I keep seeing this one, tiny word in the "ask" of many fundraising appeals, and it's surely a big reason campaigns are underperforming. This word conveys a feeling of timidness and uncertainty about a nonprofit's true need for funding. So, what's the word?
Donors are finicky... Donors are complicated... Donors give to your organization for their reasons, not yours. These are three truths I've learned about people who respond to fundraising appeals. Each truth shapes my fundraising writing. This insight can help you, too.
If you ever were faced with the task of writing your nonprofit’s fundraising annual appeal letter, you know how daunting it is to put pen to paper. After all, the expectation is that the letter you craft must bring in substantial funds. (No pressure, right?!)
I have a question about your blog: Are you bored with it? Do you keep posting the same type of content? If you think your blog is a real snoozefest, chances are your readers thinks so, too. You just might need a fresh writing topic idea to pump new life into your blog.
Blog post writing doesn’t have to be difficult or stressful. If the idea of writing an article for your organization makes you want to run and hide under your desk, I’ve got some good news for you.
Is the thought of writing a blog post for your organization daunting? You know you have a lot of information to share with your community, but a lack of time and confidence may prevent you or your team from jumping in.
I’ve got good news and bad news about fundraising writing. The bad news is writing is always hard. Even experienced writers have a difficult time clearly and briefly stating the purpose in their fundraising writing.
Part 5 in a Series of 5 Posts on Building a Content Marketing Strategy for Your Nonprofit...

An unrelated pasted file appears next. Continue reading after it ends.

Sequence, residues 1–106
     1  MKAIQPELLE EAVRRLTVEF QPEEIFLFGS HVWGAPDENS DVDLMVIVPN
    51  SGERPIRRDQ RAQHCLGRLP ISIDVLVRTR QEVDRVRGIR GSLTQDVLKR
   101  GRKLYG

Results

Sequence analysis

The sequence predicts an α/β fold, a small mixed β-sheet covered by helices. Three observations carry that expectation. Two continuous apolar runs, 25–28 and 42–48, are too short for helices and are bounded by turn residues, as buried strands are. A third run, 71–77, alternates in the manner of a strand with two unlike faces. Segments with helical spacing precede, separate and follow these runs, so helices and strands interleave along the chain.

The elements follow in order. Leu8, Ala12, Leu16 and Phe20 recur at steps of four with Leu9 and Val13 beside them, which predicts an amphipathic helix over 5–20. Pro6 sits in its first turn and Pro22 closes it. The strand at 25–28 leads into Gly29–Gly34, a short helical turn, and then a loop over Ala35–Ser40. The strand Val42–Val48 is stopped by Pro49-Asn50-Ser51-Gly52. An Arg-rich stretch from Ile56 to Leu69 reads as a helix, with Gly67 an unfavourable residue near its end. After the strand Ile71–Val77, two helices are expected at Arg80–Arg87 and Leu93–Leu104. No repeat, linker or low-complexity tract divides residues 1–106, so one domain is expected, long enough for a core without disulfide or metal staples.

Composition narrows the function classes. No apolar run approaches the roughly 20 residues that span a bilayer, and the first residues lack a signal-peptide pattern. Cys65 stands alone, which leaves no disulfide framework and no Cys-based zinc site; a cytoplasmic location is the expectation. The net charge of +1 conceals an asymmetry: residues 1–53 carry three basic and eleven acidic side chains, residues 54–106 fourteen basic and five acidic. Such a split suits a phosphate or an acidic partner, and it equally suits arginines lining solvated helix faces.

Who is your content meant to reach? When you craft content to support a campaign or program, do you have a specific person in mind or do you write to a general audience?
Part 4 in a Series of 5 Posts on Building a Content Marketing Strategy for Your Nonprofit...
Stories have the ability to connect people to an idea on an emotional level. Telling compelling stories helps our audience feel what we feel. And when it comes to powerful stories, the nonprofit sector certainly corners the market.
Part 3 in a Series of 5 Posts on Building a Content Marketing Strategy for Your Nonprofit...
When it comes to creating mission statements, nonprofits have one monumental advantage over businesses. Whereas a business is driven by profit, an NPO is driven by mission.
Not that earning profits is bad (yay, capitalism!), but nonprofits always start with a mission as their reason for existing. Having purpose why you do what you do builds the foundation for a strong content marketing program.
So, get your engines fired up! Let’s do some exploring together. In 5 steps, you will be able to document your content marketing mission statement!
Part 2 in a Series of 5 Posts on Building a Content Marketing Strategy for Your Nonprofit...
Nonprofits do so many things right! I’m always amazed how so much can be accomplished inside of a resource-strapped nonprofit organization. Doing so much with so little feels magical.
Part 1 in a Series of 5 Posts on Building a Content Marketing Strategy for Your Nonprofit...
Content is everywhere. There’s website content, video content, advertising content, event content, email content, brochure content, campaign content, and on and on…
When someone asks you what your organization does, what do you say? Do you trip over your words? Do you default to reciting some version of your mission statement?
Does the thought of broadcasting live video make you want to plan an escape route to 1997? You might have reservations about the way you look or sound, or how well you are able to convey a message. I felt that way too until I was smacked with a dose of research and realized how much I enjoy watching live-stream videos.
How do you begin a presentation? See if this sounds familiar: “Hi. I’m so-and-so. On behalf of my organization, such-and-such, I want to thank so-and-so for asking me here today to talk to you about this-and-that.” (Are you still reading this or did you doze off?
Sometimes the results of our nonprofit marketing and fundraising strategies fall short of our expectations. Perhaps we had a dismal turnout at an event or low interest in a new program. Or maybe we didn’t have access to the resources needed for a successful fundraising campaign.
I’ve been thinking about how easy it is to become overwhelmed and lose faith when all our hard work isn’t producing the results we hoped for as quickly as we’d like.